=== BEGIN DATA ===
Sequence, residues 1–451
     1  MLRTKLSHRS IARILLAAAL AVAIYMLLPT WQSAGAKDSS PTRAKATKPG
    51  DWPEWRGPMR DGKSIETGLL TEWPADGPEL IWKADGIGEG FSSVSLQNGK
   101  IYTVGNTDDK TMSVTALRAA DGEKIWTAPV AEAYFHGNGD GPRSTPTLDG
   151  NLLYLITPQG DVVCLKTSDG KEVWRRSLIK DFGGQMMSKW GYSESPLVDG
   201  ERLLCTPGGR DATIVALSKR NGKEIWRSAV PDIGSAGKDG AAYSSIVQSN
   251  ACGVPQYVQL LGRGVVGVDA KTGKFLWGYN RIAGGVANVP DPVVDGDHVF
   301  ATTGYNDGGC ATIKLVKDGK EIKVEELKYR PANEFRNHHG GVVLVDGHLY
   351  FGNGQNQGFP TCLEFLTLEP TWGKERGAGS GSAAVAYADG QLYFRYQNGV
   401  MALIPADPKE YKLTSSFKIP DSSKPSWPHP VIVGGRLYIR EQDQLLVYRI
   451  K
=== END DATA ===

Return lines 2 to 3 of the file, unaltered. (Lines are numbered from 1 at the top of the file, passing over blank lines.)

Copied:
     1  MLRTKLSHRS IARILLAAAL AVAIYMLLPT WQSAGAKDSS PTRAKATKPG
    51  DWPEWRGPMR DGKSIETGLL TEWPADGPEL IWKADGIGEG FSSVSLQNGK